I attended my first tending 2 day clinic and then a fun match today and would love to share my experiences. First some background, last year I watched while my daughter took Sin her dog, (Hellwigg's Causin'a Commotion) to one day and he was great, so great they remembered him a year later and thought he could be entered into a trial with only 1 day of lesson and a year apart. That 1 day I was in the sheep as a blocker for some Briards but that was my only interaction ever with sheep.
So Thurs morning Ty,( Hellwigg's Fear Factor) 16 months old and I and Rebecca and Sin, 4 yrs old, showed up. We did 2 'runs with sheep each which was learning borders, hopefully. Susan Sullivan was our instructor and soon discovered my incompetence with the stick, sheep and watching sheep adn dog simultaniously. Sin was his normal calm self assured dog, with flashes of brilliance, Ty showed great movement and thinking abilities. Both dogs got tons of praise from other attendees for behavior and looks and easy gliding movement.
Fri morning we learned we would each do 3 sessions, Ty remembered he should bark at me when I give dumb commands like border..OUT. and throw the stick. What a fun place and great round food pellets all over the ground. Sin felt the need to mark the field when sheep were calm, but remained always alert to movement and kept 1 eye on the sheep and the other on Rebecca. Ty knew to watch me and see what other game I wanted to play and hey is that sheep trying to come out?? he would pick up speed and cut it off and chase it back. Susan said this was bonus work but remember it cause we may loose it.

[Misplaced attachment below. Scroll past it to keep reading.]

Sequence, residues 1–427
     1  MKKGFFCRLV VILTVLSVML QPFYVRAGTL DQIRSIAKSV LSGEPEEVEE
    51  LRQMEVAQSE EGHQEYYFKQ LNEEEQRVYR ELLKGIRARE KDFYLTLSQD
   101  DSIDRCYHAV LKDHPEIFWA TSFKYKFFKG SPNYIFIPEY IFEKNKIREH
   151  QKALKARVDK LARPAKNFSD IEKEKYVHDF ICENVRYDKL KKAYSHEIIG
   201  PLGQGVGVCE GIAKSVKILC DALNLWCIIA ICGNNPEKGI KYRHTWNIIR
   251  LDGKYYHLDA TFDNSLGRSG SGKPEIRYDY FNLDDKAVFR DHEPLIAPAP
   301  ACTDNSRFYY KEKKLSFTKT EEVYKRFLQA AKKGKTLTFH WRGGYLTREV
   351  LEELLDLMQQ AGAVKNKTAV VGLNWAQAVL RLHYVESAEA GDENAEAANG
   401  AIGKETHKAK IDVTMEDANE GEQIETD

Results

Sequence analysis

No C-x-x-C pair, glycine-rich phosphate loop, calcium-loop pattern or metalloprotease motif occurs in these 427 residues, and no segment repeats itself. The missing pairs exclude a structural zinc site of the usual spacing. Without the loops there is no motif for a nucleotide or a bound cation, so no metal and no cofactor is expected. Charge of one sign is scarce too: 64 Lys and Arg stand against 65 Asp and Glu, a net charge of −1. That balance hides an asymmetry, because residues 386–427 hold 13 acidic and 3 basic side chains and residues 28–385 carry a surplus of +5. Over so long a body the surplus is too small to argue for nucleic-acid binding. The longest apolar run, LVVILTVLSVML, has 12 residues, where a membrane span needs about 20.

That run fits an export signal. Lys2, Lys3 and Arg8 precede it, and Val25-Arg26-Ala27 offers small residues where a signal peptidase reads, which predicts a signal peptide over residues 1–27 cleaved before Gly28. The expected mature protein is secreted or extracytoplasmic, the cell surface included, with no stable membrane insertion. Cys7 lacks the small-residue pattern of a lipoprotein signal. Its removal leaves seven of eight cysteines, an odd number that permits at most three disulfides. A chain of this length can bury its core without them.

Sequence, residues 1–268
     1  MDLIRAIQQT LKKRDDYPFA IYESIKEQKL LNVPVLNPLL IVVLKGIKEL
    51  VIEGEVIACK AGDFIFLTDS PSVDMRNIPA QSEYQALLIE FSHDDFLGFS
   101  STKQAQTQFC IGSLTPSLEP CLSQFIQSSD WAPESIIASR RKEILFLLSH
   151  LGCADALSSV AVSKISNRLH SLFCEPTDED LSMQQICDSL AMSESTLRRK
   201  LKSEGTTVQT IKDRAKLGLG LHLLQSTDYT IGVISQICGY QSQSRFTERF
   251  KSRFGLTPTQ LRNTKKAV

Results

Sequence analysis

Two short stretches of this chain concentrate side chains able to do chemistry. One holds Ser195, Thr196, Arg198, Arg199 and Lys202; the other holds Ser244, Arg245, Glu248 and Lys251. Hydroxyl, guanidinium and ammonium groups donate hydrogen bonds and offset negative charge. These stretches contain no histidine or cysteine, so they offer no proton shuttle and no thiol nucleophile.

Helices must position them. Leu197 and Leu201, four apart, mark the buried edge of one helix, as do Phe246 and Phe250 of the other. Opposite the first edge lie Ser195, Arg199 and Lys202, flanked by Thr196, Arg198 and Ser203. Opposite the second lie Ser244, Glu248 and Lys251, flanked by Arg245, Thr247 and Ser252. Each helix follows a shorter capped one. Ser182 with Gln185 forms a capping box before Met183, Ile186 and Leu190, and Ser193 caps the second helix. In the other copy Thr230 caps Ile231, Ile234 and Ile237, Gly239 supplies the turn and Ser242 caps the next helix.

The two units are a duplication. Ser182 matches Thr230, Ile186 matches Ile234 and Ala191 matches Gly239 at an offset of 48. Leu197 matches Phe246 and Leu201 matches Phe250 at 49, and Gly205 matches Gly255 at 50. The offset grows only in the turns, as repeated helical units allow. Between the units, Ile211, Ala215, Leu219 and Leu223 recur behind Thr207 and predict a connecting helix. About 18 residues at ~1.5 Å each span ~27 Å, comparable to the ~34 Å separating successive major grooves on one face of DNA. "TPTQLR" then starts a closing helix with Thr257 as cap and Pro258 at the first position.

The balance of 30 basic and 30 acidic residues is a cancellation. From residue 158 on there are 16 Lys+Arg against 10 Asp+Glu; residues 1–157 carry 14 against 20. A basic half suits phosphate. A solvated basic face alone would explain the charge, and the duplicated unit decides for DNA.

Sin did 2 sessions of walking the 'road' and penning the sheep and we did one, sort of. Sin made it look easy as the sheep respected him and he just knew where to be and when and how much pressure was needed. He wasn't entered in the trial or fun match as Rebecca needed to work but everyone agreed he was amazing. # days only and he was the best by far and many had other herding titles.
Sat morning and fun match, we were third team and we would have fresh well rested sheep, half the number as before, so 12, and Ty was well rested and fed and it was cooler in the morning. He had forgotten his stays and wait and most other commands too so after the first break I was very firm STAY, so I went and started my sheep, and with Susan's help tried to get him to join us, he held the stay, then she said get your dog, so I said his name, and he CAME fast, and the 12 sheep scattered in 12 directions and the chase was on.
He got them back together and we started again but he came up too far in front and I wasn't able to stop him and the sheep scattered again, and he chased and returned them again, and again and again, as we inched our way up the side of the field. Finally after 10 or so times Susan took the stick and took control of the sheep and Ty and somehow he knew what she wanted and those foreign words and stick movement meant something and we made it to the graze perfectly.
I forgot to watch the sheep so dumbstruck was I that he did it and the sheep bolted again. Again he rounded them up and returned them to me, Susan suggested we go the sort route to the pen and we started well, but soon the sheep bolted past me and were held in the corner by the gate. He downed and stayed while I penned them, I then asked Susan if she thought we'd have passed. She and the 2 stock helpers laughed and said we had the worst sheep in this bunch.
I was told I have a great dog, tons of instinct, he never tried to kill, but was intense and called off as soon as back together. We need lessons and practice and I need some handling classes and he needs some maturity and obedience. We loved it, had soo much fun. We will do this again hopefully in less than a year and Sin will compete next time and Ty will, maybe hold stays and I may have the stick in the right place and be where I should be.
Thanks Susan for the awesome classes and thanks Wendy for 2 awesome dogs who are willing to humour their owners mistakes. What fun, everyone should try it.